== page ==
Sunday, February 23, 2014

How Much Diversity Should a Christian Allow and What Is His Responsibility to Error?

Before I get into this subject, I want you to know that I haven't forgotten two series that I never finished.  If you are a regular reader, you know that I have forgotten many series through the years -- it would be interesting to check out how many series stopped dead in their tracks, never to be begin again.  But the two that were rolling along to a sudden stop where these:

The Deceit and Tragedy of the Wrong Attribution of Success or a Wrong View of Success in Church Leadership (parts one, two, and three)

Proving the Music Issue in the Worship War: Is there Holy Hip Hop? (parts one, two, three, four, five, six, seven, eight, nine, ten)

I link to these for you and for me.  I want to be reminded that I want to continue them.  If I didn't or I won't, I'll let you know.


A few days ago, Robert George from Princeton and Cornell West, former Harvard professor and now at Union Theological Seminary, held a discussion on the importance of hearing opposing viewpoints in a liberal arts education at Swarthmore College, George a 1977 graduate.  George is a professing Christian and political conservative, while West is a theological liberal.  Apparently, the two are friends.  As they ended their talks, the session went to a question and answer period, and the first two questions both attacked the concept of even considering George's point of view.  The first student even confronted West for merely appearing with George.  Before the event, students organized in opposition against even hosting George on campus, and then afterwards, a student made this comment in a Swarthmore publication:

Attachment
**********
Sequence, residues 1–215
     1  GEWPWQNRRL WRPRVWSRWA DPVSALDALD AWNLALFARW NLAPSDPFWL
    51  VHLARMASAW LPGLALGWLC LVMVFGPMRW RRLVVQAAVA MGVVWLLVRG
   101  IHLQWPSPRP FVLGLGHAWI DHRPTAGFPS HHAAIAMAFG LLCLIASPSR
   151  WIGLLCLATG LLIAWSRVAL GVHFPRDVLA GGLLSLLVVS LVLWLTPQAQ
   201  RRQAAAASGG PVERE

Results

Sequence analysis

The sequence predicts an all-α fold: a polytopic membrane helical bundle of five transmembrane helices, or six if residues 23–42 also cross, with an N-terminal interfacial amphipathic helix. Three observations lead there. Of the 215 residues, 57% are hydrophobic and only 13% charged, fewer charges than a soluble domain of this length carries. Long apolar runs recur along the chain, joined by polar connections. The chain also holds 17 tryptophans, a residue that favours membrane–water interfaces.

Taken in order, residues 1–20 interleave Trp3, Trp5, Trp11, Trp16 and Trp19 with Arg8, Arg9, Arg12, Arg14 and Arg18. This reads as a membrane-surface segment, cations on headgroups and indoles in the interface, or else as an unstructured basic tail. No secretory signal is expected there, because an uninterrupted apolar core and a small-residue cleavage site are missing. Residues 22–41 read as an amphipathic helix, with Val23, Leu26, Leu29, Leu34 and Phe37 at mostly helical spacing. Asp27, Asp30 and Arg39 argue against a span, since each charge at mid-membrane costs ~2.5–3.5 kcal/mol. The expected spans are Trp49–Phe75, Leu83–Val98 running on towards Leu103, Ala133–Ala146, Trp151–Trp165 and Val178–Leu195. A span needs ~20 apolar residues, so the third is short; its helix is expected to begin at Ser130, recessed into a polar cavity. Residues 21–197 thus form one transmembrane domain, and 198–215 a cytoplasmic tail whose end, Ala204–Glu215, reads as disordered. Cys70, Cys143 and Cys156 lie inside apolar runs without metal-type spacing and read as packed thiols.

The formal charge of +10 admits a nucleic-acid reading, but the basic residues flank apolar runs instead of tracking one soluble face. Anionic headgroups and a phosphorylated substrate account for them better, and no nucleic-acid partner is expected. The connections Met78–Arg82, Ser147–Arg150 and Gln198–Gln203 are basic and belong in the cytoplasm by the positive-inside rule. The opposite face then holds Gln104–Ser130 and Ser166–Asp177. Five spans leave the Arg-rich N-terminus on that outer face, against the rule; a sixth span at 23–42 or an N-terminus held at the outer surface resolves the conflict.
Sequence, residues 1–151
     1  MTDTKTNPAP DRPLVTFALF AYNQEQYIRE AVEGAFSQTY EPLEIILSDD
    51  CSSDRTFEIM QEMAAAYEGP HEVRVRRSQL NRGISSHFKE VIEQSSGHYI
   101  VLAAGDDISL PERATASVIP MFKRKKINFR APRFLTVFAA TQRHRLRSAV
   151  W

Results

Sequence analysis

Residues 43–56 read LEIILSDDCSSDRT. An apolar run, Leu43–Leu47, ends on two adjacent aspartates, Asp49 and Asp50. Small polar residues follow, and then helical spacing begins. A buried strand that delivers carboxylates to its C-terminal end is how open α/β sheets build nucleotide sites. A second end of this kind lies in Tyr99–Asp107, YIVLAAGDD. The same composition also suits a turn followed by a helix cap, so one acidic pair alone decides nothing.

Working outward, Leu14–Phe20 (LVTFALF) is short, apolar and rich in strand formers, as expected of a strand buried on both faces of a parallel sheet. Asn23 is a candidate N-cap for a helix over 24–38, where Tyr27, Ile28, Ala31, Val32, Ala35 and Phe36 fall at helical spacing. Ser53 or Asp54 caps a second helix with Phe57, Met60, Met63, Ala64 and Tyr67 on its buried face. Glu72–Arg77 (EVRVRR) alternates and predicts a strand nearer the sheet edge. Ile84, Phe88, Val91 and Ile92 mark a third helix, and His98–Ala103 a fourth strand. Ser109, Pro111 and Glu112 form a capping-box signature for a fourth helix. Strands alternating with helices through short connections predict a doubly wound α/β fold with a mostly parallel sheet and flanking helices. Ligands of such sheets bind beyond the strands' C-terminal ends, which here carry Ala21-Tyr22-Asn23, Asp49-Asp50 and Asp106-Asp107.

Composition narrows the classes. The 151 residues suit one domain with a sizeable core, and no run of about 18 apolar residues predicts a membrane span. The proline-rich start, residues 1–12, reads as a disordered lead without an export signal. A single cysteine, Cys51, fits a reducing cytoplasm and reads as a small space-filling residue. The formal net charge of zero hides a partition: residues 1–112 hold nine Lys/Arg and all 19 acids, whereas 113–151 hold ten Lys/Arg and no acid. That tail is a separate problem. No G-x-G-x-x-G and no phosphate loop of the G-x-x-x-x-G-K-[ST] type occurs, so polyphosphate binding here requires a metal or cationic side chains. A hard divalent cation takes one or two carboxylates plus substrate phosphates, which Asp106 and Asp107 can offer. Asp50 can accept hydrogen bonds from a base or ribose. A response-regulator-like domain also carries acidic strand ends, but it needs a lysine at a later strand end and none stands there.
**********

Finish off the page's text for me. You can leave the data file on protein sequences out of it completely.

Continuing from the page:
What really bothered me is, the whole idea is that at a liberal arts college, we need to be hearing a diversity of opinion. I don’t think we should be tolerating [George’s] conservative views because that dominant culture embeds these deep inequalities in our society. We should not be conceding to the dominant culture by saying that the so-called “progressive left” is marginalizing the conservative.

West and George argued for the allowance of a diversity of thought and belief in a liberal arts education.  "Diversity," of course, is rhetoric of tolerance, which most may think is the predominant ethic of modern university campuses.  They're wrong.  They are not quite Stalin's Gulags, but close.